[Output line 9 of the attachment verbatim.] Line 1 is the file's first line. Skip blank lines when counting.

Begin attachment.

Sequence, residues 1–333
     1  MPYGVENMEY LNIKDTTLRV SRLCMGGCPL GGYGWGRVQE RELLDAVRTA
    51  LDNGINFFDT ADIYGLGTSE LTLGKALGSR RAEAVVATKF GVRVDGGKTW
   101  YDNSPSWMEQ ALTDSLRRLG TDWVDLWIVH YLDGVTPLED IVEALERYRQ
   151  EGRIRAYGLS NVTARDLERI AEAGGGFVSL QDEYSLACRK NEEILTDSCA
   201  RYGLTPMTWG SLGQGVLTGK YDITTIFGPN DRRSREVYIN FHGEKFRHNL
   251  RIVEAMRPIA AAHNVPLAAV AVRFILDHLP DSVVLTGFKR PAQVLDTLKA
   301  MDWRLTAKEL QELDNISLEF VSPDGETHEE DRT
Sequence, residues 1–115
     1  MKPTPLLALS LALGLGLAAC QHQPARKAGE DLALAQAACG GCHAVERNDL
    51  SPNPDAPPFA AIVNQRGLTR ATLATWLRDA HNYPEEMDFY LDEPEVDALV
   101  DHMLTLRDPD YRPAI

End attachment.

Sequence, residues 1–115